Project partners

The Sun-To-X consortium is led by Toyota Motor Europe in collaboration with leading industry, research government organisations and academia in the solar fuel sector. The project gathers 9 partners from 5 different countries.


The Toyota Technical Centre is home to the European R&D of Toyota Motor Corporation, Japan – a global automotive company. The R&D team works on the design of body, powertrain, chassis, electronics and advanced technologies such as new energy vectors (fuel cells, batteries, solar energy).

Solar fuel production has been researched in the company since 2017 through both in-house testing and collaboration with members of the Sun-to-X consortium.


Research in CEA will be carried out in 3 laboratories located in two institutes:

1) the laboratory of Chemistry and Biology of Metals (LCBM), co-operated by the University Grenoble Alpes, the CNRS and the Fundamental Research Division of CEA
2) the laboratory “Systèmes Moléculaires et nanoMatériaux pour l’Énergie et la Santé (SyMMES)”
3) the laboratory of Catalysis and Molecular Chemistry for Energy (LCMCE) group based in the CEA Saclay and included within the University Paris Saclay.

LCBM and SYMMES gather biochemists, synthetic, spectroscopic & theoretical chemists as well as materials scientists with a shared interest in providing new insights into the function, structure and chemical reactivity of complex architectures for energy conversion. This research results in new concepts and applications in electrochemical energy storage, photovoltaics, electro and photocatalysis for hydrogen production and uptake.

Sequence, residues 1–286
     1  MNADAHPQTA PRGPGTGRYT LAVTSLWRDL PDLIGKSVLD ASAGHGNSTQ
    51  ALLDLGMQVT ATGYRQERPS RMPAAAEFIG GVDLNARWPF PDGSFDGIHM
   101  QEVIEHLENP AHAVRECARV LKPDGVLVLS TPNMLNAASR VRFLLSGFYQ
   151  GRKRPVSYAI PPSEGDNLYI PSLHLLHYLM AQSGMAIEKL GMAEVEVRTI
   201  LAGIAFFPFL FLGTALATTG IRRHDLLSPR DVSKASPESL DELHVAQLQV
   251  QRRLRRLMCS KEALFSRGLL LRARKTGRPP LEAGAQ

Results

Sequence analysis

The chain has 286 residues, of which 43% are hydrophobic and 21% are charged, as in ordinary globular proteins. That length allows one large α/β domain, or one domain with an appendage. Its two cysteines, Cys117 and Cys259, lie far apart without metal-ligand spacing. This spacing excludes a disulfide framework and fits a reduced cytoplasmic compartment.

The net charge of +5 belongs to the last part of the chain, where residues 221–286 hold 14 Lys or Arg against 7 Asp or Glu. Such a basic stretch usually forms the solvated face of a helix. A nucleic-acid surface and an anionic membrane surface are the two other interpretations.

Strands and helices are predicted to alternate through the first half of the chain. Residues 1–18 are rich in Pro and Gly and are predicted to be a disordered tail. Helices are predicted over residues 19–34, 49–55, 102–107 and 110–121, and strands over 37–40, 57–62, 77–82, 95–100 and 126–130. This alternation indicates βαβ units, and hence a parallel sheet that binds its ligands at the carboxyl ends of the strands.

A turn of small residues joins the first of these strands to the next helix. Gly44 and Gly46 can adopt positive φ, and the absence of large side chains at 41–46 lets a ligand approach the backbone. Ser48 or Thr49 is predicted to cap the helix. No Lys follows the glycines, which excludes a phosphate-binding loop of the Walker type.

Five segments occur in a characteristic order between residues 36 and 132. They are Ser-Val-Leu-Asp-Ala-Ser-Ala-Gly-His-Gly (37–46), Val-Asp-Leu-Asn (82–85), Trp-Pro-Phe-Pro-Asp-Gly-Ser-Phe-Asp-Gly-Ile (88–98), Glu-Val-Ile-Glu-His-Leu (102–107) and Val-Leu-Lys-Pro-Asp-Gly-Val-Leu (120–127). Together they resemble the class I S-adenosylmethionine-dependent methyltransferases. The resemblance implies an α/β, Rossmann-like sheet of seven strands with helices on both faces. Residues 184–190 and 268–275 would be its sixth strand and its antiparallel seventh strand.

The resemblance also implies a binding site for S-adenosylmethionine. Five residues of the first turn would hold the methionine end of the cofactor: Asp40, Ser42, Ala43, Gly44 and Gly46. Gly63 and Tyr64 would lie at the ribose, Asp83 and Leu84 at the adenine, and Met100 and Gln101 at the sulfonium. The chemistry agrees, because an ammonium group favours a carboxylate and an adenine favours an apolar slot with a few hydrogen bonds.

The Dutch Institute for Fundamental Energy Research NWO-I is one of nine research institutes of the Netherlands Organisation for Scientific Research NWO funded by the Dutch Ministry of Education, Culture and Science.

The Mission of NWO-I is to perform leading fundamental research on materials, processes and systems for a global sustainable energy infrastructure in close partnership with Academia and Industry. The NWO-I program contains two program lines: Fusion and Solar Fuels. Both programs are designed to meet the challenging EU CO2 emission reduction targets by developing CO2 neutral energy technology solutions through basic, cross-disciplinary research.


ENGIE develops its business (electricity, natural gas, new energies and services) providing highly efficient and innovative energy and services solutions to residential, commercial and industrial customers.

Willing to take a lead within the Energy Transition in Europe, ENGIE is highly involved in the development of sustainable and renewable energies from their production to their uses in cities and territories. The Group provides efficient and innovative solutions based on its expertise in five key sectors: renewable energy, energy efficiency, energy storage, natural and renewable gas (including hydrogen) and digital technologies.

Hydrogen as a way to store and valorise at local scale large amounts of renewable energy and turning hydrogen into a hydrocarbon with CO2 as building block is studied within ENGIE through different pilot plants.